Boat rides on the Tambopata River occasionally result in sightings of a Jaguar (Panthera onca), the largest cat in the Americas. Although guests visiting Tambopata eco-lodges run by Rainforest Expeditions can’t expect to see this near mythical feline on every visit to the Peruvian jungle, they do have a better chance of seeing it while traveling along wild areas the Tambopata Reserve than many other places in its range.
Jaguars are regularly seen in the Tambopata region because this huge area of wild forests and wetlands plays host to plenty of peccaries, tapirs, and other animals that are preyed upon by the neotropical king of the jungle. In addition, much of the Tambopata River between Refugio Amazonas and the Tambopata Research Center is strictly protected wilderness and this part of the river is precisely where these big cats are occasionally seen. They also occur in the forests near Posada Amazonas but apparently don’t feel as comfortable about sitting out on the shore as they do further upriver.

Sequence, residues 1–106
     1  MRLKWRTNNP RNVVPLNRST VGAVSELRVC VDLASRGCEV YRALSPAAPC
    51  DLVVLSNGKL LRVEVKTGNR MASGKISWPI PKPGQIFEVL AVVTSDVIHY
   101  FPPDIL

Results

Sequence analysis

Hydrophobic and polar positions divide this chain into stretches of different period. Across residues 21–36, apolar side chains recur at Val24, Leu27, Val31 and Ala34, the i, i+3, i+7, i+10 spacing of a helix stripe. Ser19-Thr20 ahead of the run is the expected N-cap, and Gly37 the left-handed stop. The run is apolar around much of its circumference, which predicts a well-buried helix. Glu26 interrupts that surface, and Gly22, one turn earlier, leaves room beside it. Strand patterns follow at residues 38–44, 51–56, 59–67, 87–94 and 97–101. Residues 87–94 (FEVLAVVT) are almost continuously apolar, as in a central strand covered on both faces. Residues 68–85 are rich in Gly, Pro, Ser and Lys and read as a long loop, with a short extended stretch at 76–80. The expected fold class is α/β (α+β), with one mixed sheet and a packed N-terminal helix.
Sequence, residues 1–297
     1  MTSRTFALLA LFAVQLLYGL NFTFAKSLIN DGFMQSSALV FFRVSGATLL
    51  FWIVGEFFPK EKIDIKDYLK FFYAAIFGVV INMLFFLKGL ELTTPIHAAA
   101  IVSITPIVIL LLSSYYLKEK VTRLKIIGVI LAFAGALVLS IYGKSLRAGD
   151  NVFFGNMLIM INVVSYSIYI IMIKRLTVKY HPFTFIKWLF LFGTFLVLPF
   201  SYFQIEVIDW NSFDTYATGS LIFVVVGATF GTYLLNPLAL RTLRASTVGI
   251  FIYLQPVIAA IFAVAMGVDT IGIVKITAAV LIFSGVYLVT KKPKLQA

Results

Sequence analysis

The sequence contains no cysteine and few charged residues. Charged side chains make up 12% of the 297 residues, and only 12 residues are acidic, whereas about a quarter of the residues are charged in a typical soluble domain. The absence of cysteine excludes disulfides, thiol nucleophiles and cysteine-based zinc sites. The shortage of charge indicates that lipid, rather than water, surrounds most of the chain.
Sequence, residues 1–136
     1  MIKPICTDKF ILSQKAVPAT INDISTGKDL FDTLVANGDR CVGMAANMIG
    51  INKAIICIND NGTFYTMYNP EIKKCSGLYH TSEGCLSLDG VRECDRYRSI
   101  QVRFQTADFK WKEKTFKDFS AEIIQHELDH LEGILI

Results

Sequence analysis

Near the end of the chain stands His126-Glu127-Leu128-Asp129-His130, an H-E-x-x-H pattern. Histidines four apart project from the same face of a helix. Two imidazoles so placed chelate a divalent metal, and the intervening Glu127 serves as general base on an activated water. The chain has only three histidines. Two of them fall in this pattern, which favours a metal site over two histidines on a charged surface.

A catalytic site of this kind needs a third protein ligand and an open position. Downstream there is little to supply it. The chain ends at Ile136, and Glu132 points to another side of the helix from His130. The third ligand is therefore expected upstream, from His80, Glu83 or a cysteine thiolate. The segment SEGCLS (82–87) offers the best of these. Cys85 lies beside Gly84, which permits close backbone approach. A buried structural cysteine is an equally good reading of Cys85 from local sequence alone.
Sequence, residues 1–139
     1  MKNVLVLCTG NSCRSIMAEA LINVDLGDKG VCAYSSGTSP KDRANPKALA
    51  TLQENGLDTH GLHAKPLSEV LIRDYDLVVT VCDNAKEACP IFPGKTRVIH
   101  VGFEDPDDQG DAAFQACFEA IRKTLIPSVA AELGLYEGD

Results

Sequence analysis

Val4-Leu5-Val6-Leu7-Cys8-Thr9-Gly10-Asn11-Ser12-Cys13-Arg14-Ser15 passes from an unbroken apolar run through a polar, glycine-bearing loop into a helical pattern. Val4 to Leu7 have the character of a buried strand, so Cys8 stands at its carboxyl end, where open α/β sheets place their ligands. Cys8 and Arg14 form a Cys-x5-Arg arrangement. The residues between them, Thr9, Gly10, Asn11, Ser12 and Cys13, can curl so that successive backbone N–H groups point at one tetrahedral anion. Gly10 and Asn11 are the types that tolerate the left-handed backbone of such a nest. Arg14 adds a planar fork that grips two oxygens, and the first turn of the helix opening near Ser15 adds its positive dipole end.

Some interesting facts about the Jaguar:
- A beast of a name: The word “Jaguar” is a modern version of “yaguara”, a term from one of the Brazilian Tupi-Guarani languages that means “beast”.
- One of the “big cats”: The Jaguar belongs to the same genus as the Tiger, Lion, Leopard, Snow Leopard, and Clouded Leopard. These species are often referred to as the “big cats” and share a common ancestor.
- Water loving: Jaguars have no qualms about taking to the water in pursuit of prey or when crossing a river. They will rush into wetlands to pursue capybaras and will even take small caimans. They have been occasionally seen swimming across the Tambopata by macaw project volunteers and guests of the Tambopata Research Center.
- Rosettes, not spots: One of the ways to tell a Jaguar from the similar looking Leopard is by the pattern on its coat. As opposed to spots shown by Leopards, Jaguars have rosettes or distinct groupings of three or four dark markings that surround a smaller spot
- Widespread but rare: Jaguars historically ranged from the southeastern United States south throughout the neotropics to eastern Argentina. They quickly disappear from areas impacted by people and are listed as Near Threatened by conservation authorities.